How to not be a QP?


This is really, really easy.  Keep your mouth closed.  If you don’t have anything nice to say, don’t say anything <—–golden rule, always true.

Let’s set up a scene:  You have been quilting for thirty years, your momma quilted, your grandmother quilted, quilting is in your blood.  You know everything about it.  Your quilts are the most beautiful quilts in all of the land.  Every other quilter out there should be coming to you for advice.  But they aren’t……

This does not mean you should tell a new quilter what she/he did wrong.  This does not mean you should give unsolicited advice.  You should not roll your eyes or shake your head smugly.

Instead of pointing out what is so obviously wrong with the quilt in your opinion, try saying something positive like:

  • Where did you find that gorgeous fabric?
  • I’m so glad that you are making quilts.
  • I’m so glad that quilting will not die with my generation.
  • Isn’t finishing a quilt the best?

You have been quilting for years, but this might not be true for someone else who does not know everything there is to know.  They are learning.  Do you really want to cut somebody down before they barely have begun?  Be the quilter you needed when you first started.  Be encouraging.  Be supportive.  This will make the other quilter feel good and it will also make you feel good.

Here’s another biggie!  Just because you don’t like it, it doesn’t make it wrong / ugly / eye roll worthy / a moment for you to insert your more quality tastes.

Guess what?  I like busy.  I like raw edges or anything that creates texture.  I like some wonkiness.  I like the “hand” look.

Just because you don’t like what I like, does not mean there is anything wrong with me.  It does not make your quilts better than anyone else’s.

A short story I’ve mentioned before…

This past December I met an older woman who was fascinated that I made quilts.  She acted like it was the most impressive thing for me to be my age and make quilts.  I didn’t bother to tell her that there was a whole army of quilt maker’s just like me, I let her go on.

Then she told me that when she was much younger she had tried to learn  to make quilts, even finished a whole quilt top.  She said she was at church and it was a sort of craft night where all the women got together.  She brought her quilt and was hand quilting it.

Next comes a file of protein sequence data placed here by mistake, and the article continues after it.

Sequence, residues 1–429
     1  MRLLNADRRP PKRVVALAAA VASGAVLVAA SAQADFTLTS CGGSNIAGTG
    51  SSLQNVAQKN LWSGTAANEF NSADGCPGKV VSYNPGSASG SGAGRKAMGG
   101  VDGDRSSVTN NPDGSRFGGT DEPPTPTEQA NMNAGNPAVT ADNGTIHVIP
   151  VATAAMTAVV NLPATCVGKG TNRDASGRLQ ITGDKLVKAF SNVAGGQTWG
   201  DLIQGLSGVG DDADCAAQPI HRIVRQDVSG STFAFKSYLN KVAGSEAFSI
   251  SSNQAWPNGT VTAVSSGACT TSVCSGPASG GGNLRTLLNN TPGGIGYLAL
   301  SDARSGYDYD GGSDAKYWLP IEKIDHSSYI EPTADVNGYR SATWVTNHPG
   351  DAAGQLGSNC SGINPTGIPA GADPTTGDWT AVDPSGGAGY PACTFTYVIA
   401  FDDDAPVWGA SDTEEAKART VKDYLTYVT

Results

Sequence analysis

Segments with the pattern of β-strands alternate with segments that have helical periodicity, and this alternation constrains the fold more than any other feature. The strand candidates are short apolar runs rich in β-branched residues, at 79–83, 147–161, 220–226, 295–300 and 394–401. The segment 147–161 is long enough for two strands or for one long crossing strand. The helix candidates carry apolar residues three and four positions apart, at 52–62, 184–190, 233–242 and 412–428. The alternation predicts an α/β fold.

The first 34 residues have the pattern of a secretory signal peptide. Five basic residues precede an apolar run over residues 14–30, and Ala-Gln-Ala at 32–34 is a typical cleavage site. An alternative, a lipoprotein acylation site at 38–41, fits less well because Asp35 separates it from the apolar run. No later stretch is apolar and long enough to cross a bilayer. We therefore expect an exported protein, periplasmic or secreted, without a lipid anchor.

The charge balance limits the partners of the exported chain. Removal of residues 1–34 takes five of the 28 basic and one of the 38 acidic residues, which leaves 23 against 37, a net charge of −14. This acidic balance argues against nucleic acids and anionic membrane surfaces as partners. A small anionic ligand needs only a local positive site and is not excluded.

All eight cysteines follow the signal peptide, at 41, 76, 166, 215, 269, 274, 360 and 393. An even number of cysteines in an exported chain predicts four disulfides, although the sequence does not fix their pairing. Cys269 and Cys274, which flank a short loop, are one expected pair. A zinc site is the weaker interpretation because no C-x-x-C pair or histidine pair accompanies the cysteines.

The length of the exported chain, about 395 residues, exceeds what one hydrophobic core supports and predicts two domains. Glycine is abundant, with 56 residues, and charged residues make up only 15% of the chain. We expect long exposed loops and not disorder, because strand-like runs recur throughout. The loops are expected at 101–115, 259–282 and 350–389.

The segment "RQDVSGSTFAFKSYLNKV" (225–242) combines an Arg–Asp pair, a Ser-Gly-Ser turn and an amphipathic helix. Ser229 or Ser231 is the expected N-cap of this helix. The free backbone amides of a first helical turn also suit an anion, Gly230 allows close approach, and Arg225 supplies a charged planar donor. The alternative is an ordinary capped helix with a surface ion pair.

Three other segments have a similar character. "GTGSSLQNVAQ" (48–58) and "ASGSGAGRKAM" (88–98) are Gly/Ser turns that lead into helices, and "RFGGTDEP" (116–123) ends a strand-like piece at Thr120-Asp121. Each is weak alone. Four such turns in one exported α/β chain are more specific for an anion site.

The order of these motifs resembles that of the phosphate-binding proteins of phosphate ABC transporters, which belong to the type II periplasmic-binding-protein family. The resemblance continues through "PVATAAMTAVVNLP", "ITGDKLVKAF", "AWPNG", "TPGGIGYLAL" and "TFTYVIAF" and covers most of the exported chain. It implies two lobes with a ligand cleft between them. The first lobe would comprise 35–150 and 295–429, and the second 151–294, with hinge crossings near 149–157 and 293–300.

Another quilter walked up to her and told her that she would need to unpick all of her stitches since they were too long and uneven.  They just wouldn’t do!

The woman telling me the story said she was so embarrassed and so down about the whole thing that she never finished that quilt and never made another one.

You do not want to be the cause of someone giving up.  Unless of course, you are just a big meanie.


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  1. Golden advice indeed. I know the quilt police would be having a fit with some of my quilts, but I love the process, I love the result, and really the people I make them for don’t look that carefully or realise what little errors there are in them.

    I hope you have a lovely weekend.

  2. Well said. I have seen many quilts that are not my taste and/or not well made, but feel it’s important to say something kind and truthful. No matter what skill level or taste, we all thrive on kindness and simple recognition.

  3. Melanie, I love what you do. Glad you share with us. I really appreciate it. You make me think outside the box. Thank you so much for my oil bag. I love it so much it is fabulous as are you!!

  4. I like your attitude. Also keep in mind that corrective criticism is still criticism. If not asked for then offer praise or keep it to yourself. I once entered a few quilts to be hung in our guild’s quilt show (mind you I did not put them up for judging, only that I was proud of my work and wanted to display them in their glory). Tip for newbies, do not stand behind your hanging quilt at a quilt show because there may be a viewer doing their best at imitating at being the “quilt police”.  Move away from your quilt.